A Wild Life: in bed with a monster

Martin Hughes-Games, remember him? I mentioned him a few times before as the presenter of Autumnwatch and Springwatch. He has been making wildlife programs for over two decades and now he has written a book: A Wild Life. It is an interesting read and made me forget my everlasting life on the sofa.
The connection between brains and instinct – about detecting fear – in my most recent article (follow the link below, arrow to the left), remember that? With that in mind, while I read this book I started wondering if this man with his wild life has both brains and instinct…

The book A Wild Life is a collection of marvelous stories about filming incredible creatures such as ospreys, elephant seals, vampire bats and many more. Not only has Hughes-Games the easy tone of voice as if he was chatting with you and at the same time sharing a cup of something. He also adds interesting facts about the animals adapting to certain circumstances, things that are sometimes hard to imagine.
Martin Hughes-Games really knows what he is talking about, the things to learn about animals seem endless in this book. So I dare conclude his brain is okay. But what about that instinct?
My suspicion about him having a bit too much bravado and a lack of instinct did not occur to me until I read chapter six: ‘The Bite of the Giant Centipede’, that is about the question whether the giant centipede’s bite really is the most agonizing bite known to mankind? As the producer of ‘A Cry in the Dark’ he thought it would be stimulating to show a real live giant centipede crawling around a real live person. The centipede was easily found, but to find an actor to play the scene was not that easy. Therefore he decided to do it himself.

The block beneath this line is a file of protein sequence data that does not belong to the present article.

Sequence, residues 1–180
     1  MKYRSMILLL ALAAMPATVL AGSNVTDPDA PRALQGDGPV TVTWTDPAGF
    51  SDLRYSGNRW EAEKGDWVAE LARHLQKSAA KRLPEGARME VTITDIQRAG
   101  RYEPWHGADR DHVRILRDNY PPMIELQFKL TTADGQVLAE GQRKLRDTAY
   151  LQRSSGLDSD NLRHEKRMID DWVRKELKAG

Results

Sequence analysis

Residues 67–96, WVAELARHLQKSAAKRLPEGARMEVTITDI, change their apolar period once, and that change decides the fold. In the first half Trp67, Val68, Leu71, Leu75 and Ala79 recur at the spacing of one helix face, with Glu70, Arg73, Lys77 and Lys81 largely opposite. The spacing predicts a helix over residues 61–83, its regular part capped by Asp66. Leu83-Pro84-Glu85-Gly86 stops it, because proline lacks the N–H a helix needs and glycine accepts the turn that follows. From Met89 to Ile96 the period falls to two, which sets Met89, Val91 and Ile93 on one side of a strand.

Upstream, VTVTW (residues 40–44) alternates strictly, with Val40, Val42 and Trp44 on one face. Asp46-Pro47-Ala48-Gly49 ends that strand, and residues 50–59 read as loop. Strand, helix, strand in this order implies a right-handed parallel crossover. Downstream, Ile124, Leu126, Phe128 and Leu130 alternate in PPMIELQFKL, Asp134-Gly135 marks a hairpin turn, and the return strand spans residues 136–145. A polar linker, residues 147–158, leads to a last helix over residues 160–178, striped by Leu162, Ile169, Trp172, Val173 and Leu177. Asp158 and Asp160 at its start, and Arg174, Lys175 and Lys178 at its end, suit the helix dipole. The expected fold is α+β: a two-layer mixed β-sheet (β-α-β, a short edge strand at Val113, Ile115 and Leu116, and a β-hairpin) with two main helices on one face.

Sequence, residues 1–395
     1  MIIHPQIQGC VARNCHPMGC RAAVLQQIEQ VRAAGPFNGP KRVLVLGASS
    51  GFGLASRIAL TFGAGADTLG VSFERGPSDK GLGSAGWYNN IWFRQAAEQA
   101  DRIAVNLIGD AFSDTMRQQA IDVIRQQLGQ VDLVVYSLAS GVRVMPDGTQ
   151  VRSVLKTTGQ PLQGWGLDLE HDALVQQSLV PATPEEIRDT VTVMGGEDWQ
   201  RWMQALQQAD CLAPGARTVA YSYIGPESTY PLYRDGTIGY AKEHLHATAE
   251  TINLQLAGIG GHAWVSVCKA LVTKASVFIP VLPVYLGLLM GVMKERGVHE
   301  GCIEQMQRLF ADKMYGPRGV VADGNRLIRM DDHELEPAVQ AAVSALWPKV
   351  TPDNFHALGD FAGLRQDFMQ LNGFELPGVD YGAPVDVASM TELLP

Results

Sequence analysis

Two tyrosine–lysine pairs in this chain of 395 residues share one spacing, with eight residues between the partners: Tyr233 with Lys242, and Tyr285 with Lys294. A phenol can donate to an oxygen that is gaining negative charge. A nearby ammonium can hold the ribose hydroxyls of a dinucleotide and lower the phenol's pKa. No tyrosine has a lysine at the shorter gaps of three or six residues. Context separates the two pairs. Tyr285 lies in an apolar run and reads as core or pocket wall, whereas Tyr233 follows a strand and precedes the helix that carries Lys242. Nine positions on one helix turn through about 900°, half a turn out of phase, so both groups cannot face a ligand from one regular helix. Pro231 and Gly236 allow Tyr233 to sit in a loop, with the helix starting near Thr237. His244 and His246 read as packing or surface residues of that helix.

Even though the story itself did not give me the shivers, the photo (alas, I could not find it online) that goes with this story in another part of the book did! Yup, my instinct revealed itself. Hughes-Games was in bed ‘wearing only a pair of grey Marks and Sparks jockey shorts for protection’ (p. 88), sharing it with a monster: a centipede about as long as my lower arm. And he actually thought it sad that the creepy-crawly did not bite him: ‘I was correct: no bites, but (..) the lack of bites meant that, sadly, I was not able to contribute my own thoughts to the ‘most agonizing’ debate’ (p. 92).
I really cannot help it, I am just not into spiders and other creeping creatures. Not because I am a girl, but because we descend from those cavemen and women and detecting possible threats is part of our system. That also goes for this amazing, but boisterous storyteller – even if his instinct tells him otherwise.

A Wild Life is a book I can highly recommend to everyone, even to people who are uncomfortable with creepy-crawlies and other sort of frightful animals. Just remember…, remember to keep the photos hidden in their own section.
I am happy I treated myself to this book and glad that a dvd with corresponding highlights was not added. A giant centipede in motion, crawling over a sleeping person… I would end up behind the sofa, rather than on it.

Try a free sample of A Wild Life

If you liked this article, you might want to read Pigeons and Poodles

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